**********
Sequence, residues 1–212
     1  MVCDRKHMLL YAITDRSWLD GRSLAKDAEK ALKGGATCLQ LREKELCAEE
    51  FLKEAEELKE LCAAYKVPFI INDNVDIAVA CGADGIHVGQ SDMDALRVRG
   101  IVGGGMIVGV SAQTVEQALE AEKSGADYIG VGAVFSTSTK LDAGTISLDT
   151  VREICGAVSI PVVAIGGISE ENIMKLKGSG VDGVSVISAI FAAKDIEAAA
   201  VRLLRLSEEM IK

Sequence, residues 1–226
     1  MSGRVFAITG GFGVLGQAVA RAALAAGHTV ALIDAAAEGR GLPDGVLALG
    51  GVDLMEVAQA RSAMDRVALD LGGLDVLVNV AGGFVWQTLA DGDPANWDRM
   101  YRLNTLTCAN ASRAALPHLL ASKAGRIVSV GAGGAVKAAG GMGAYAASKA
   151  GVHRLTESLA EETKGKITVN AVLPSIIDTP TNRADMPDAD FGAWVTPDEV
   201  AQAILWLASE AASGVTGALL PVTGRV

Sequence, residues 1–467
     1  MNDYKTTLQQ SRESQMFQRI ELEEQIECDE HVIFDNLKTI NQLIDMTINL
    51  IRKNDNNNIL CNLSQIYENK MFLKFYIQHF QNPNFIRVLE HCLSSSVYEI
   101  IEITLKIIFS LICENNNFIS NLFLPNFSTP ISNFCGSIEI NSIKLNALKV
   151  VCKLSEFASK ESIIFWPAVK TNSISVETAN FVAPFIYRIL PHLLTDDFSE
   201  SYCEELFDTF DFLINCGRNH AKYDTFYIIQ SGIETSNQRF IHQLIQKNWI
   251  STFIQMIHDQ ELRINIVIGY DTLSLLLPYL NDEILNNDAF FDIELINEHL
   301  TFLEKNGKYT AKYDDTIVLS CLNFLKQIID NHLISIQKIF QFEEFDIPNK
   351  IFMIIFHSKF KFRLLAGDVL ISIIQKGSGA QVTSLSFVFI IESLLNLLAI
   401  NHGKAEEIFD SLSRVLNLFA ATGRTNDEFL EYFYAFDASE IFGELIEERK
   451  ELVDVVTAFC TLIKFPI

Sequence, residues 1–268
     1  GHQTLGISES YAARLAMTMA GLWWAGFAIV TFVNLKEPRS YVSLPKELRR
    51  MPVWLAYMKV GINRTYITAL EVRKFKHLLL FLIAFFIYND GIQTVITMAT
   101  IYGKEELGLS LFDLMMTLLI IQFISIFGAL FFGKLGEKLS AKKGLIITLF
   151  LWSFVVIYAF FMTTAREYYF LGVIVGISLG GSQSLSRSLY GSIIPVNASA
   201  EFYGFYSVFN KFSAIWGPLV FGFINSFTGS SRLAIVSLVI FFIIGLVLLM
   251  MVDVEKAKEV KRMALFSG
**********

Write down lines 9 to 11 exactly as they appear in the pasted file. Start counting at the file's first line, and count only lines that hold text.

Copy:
    51  GVDLMEVAQA RSAMDRVALD LGGLDVLVNV AGGFVWQTLA DGDPANWDRM
   101  YRLNTLTCAN ASRAALPHLL ASKAGRIVSV GAGGAVKAAG GMGAYAASKA
   151  GVHRLTESLA EETKGKITVN AVLPSIIDTP TNRADMPDAD FGAWVTPDEV